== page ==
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Time flies · 2019-03-24 11:59 by Black in

After finishing my masters thesis and completing civil service, I’ve been working for Disney Research since early 2010. And I’ve obviously not had much to say on this blog. Most of my early work was focused on software engineering, mostly tech transfer using C++. I’ve written the basis of a big code base that is used (and considering the resistance to update anything will likely be used for decades) in many projector / camera systems in disney parks. Qt was popular for GUI work back then, and I’ve used it in several projects targeted at normal humans (but since those were internal research projects, not many actually used it). I’ve worked on projects targeting mobile platforms, in both Objective-C and Unity (I’m even named on a patent for one of them). I’ve written plugins for Nuke, ToonBoom, AfterEffects and many others, code running on arduinos or servers with dozens of cores and multiple GPUs.

But lately, I’ve shifted to projects that focus on machine learning. I’m not a researcher, so I don’t focus on developing models and graphs, but over the past few years I’ve debugged, ported and improved a lot of the deep learning research code created here. My favorite framework is TensorFlow, and I spent most time with it, but I’ve also used PyTorch. TensorFlow’s graph based structure forces more discipline, and makes reasoning much easier than the python spaghetti code I’ve seen from torch users. The biggest NN project I’ve participated in so far was Denoising with Kernel Prediction. Implemented in TensorFlow, and using custom CUDA code for better performance, this denoiser surpasses anything before.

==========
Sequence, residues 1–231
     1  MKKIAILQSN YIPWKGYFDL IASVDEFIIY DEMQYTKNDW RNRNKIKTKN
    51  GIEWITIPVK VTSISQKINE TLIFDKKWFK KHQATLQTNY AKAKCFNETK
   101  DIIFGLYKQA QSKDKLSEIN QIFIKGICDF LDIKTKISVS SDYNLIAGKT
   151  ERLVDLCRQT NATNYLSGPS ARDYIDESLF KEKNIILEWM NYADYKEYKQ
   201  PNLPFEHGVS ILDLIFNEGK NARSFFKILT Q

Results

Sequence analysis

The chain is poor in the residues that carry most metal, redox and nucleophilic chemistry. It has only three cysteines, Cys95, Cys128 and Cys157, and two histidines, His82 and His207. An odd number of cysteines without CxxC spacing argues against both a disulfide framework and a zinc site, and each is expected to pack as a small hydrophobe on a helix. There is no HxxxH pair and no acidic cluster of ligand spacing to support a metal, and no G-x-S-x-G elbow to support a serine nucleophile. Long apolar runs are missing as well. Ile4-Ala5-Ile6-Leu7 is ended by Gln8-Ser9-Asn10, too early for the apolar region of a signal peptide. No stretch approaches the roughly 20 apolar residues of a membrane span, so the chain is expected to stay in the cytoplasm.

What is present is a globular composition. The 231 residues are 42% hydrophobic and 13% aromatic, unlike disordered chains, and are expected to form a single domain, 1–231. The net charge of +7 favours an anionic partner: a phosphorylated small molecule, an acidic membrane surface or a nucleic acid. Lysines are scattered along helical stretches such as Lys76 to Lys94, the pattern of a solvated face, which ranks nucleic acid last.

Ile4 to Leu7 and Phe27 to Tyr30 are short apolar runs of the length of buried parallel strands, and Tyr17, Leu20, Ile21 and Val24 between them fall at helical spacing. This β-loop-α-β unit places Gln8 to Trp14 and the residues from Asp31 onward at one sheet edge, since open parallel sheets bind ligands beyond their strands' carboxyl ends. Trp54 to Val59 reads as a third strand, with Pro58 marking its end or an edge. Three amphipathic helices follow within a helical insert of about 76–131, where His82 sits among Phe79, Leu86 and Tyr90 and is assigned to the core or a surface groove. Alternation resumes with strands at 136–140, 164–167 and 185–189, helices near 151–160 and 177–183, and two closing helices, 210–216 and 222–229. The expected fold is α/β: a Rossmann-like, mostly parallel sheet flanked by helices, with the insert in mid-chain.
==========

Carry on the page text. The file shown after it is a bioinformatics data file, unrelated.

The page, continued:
I still like C++, it is one of the most flexible and pragmatic languages that are widely used. But for deep learning, Python is the standard, and inertia ensures this will remain the case for many years. Which is unfortunate, the lack of type safety and static checking is a big annoyance, especially in non-trivial code bases as the ones I work in.
Using C++ for TensorFlow is possible but only done for very specific subset of tasks, such as embedding into other programs, or writing custom Ops with CPU or CUDA.

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